If you live in Nebraska, you likely have heard of Cell One of Northeast Colorado, aka, Viaero Wireless. They have not yet publicly announced a recent change to their wireless plans, but they have been informing new and existing customers whose contracts are up for renewal of the impending change.
This change entails the upcoming termination of their unlimited data plans. Nearly all existing customers enjoy unlimited data on Viaero’s 4G (enhanced 3G or HSDPA) network, but this is changing for all customers in January 2016. Voice and text services are to remain as they currently are.
Current contract customers are being ushered onto Viaero’s new plan if they wish to retain unlimited data, which is basically the same as AT&T’s Next plan. You pay for your plan while renting a handset for an extra fee. You are free to upgrade once a year, and as a reward for renting a phone, your data remains unlimited. This may be a very expensive solution for customers who already own a phone, or wish to use a handset which the small carrier does not sell, such as a Blackberry Passport or a Windows Phone. (I had to buy a Lumia 1520 and have AT&T unlock it for me to use it on this carrier.)
If customers choose to use a handset which they own, buy one on contract, or don’t need much data, they may remain on the existing standard two year contract. Once you hit your data cap, you can purchase additional data or be throttled.
Viaero to Go customers, prepaid, will see unlimited data go away too, in January 2016. It’s currently unknown if these customers can pay for extra data once they hit their cap, or if they will face throttling or a complete loss of HTTP connectivity. Viaero Wireless does not go out of its way to cater to prepaid customers nor retain them. Most carriers don’t.
When the big four (Verizon, AT&T, Sprint, and T-Mobile) rolled out LTE, they largely eliminated unlimited data, so it’s possible that the owner of Viaero’s towers (a company in Massachusetts from what I can tell via cell tower databases), or Viaero itself, may be preparing to add LTE to existing towers. Currently, Viaero Wireless does not offer LTE service, nor have they indicated that they are remotely interested in offering it. Viaero only completed an upgrade to HSDPA in 2014. Like all other carriers, they call HSDPA “4G” which I personally find to be misleading to consumers.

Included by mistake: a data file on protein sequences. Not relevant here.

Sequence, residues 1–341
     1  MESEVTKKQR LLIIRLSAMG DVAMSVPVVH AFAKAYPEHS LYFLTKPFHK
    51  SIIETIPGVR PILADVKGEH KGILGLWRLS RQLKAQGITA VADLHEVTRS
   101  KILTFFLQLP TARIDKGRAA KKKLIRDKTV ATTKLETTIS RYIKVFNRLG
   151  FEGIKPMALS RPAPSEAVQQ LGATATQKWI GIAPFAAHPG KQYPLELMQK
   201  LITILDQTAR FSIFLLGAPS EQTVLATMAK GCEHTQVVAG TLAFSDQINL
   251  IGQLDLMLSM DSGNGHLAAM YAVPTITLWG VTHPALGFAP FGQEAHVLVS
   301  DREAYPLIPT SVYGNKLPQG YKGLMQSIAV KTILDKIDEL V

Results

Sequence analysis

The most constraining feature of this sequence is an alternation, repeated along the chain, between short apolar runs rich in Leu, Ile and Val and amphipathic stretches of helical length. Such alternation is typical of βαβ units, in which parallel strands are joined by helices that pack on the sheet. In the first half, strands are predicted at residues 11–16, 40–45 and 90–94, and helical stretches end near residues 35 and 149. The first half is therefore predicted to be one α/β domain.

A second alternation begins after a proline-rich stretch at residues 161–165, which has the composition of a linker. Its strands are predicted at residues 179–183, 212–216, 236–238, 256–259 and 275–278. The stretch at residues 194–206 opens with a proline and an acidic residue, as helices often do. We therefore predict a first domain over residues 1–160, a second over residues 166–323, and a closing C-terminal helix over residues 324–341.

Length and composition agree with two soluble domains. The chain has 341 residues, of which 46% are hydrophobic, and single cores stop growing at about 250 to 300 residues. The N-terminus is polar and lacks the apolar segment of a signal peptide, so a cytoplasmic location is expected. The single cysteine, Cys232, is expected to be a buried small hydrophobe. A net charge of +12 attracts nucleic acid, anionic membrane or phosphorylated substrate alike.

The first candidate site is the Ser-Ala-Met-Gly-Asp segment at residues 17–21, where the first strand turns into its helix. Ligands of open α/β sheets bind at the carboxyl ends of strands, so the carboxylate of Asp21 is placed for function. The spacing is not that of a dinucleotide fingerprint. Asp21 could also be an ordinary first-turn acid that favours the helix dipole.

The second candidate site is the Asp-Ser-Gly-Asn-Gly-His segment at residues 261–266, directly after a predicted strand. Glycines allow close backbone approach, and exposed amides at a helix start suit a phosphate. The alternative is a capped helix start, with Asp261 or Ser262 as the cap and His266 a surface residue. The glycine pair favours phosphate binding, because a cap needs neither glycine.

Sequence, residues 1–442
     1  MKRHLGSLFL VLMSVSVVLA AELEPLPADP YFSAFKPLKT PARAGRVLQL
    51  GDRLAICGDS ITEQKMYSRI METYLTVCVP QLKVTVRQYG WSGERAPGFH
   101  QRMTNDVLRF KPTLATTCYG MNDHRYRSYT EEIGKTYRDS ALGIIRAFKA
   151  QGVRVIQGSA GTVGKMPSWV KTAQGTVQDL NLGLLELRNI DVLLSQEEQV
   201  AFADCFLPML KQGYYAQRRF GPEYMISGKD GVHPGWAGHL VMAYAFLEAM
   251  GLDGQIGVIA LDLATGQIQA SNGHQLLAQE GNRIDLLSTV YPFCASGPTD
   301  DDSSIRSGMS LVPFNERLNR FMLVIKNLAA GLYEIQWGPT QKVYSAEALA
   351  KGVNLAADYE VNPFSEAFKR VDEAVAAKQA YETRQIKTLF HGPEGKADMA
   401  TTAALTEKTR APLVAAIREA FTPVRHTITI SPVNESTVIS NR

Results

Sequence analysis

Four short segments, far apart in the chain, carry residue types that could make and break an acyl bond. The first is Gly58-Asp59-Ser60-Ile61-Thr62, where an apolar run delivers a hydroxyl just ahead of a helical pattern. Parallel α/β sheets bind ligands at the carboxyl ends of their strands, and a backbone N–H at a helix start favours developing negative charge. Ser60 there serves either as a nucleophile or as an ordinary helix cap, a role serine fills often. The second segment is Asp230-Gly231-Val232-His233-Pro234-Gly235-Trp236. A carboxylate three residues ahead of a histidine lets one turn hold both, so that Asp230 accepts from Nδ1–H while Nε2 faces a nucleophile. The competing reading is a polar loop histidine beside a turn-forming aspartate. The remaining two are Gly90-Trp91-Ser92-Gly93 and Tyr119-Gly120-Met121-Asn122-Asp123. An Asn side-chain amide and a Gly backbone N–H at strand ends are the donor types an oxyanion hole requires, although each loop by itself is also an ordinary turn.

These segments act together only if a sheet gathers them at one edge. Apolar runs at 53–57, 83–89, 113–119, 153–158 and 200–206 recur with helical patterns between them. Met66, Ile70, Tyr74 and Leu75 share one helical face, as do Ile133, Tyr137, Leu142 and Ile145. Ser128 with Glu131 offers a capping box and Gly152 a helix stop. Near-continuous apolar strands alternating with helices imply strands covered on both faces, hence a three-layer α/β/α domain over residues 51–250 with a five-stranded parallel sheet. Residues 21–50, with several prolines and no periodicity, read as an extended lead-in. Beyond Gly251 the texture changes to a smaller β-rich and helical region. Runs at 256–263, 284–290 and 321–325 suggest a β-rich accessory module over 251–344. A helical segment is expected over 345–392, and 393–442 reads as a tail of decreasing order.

I don’t think we will be seeing LTE appear on Viaero’s towers anytime soon, but now that they are shifting gears away from stealing away Verizon’s LTE loving customers with unlimited data, it’s likely that generating a nice profit is taking priority over anything else. Perhaps they are hoping to become a lucrative takeover target for AT&T or T-Mobile in the nearterm.
NFC wallets on mobile devices can hold your credit cards, debit cards, transit passes, loyalty cards, and other items as well. They are pretty handy, assuming there is an NFC terminal present when you make a transaction, and of course have an NFC enabled phone.
The NFC wallet was unleashed to the masses with Google Wallet in 2011. Initially just an NFC wallet which contained debit and credit cards, it expanded into a payment service shortly after.
Apple appeared to be late to the game, making their own NFC wallet, Apple Pay, public in 2014. The Apple approach is more secure than Google’s, generating single use codes for transactions. Apple Pay debuted both as an NFC wallet and a payment service.
Microsoft on the other hand has left the implementation of an NFC wallet up to individual carriers. There has been an app called Wallet in the OS since Windows Phone 8, but it’s just that – a wallet used for Store and in app purchases. It also has some Apple Passbook compatibility, though I am unfamiliar with the full extent of this functionality.